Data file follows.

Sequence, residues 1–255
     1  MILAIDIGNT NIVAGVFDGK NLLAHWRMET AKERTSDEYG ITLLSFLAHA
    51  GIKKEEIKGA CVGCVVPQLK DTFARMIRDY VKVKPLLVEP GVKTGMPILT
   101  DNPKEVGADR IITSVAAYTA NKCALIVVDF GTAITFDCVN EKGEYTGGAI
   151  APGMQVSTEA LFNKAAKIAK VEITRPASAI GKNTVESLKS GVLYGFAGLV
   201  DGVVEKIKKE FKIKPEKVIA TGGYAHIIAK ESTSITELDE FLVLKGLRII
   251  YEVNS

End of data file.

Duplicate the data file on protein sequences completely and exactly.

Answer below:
Sequence, residues 1–255
     1  MILAIDIGNT NIVAGVFDGK NLLAHWRMET AKERTSDEYG ITLLSFLAHA
    51  GIKKEEIKGA CVGCVVPQLK DTFARMIRDY VKVKPLLVEP GVKTGMPILT
   101  DNPKEVGADR IITSVAAYTA NKCALIVVDF GTAITFDCVN EKGEYTGGAI
   151  APGMQVSTEA LFNKAAKIAK VEITRPASAI GKNTVESLKS GVLYGFAGLV
   201  DGVVEKIKKE FKIKPEKVIA TGGYAHIIAK ESTSITELDE FLVLKGLRII
   251  YEVNS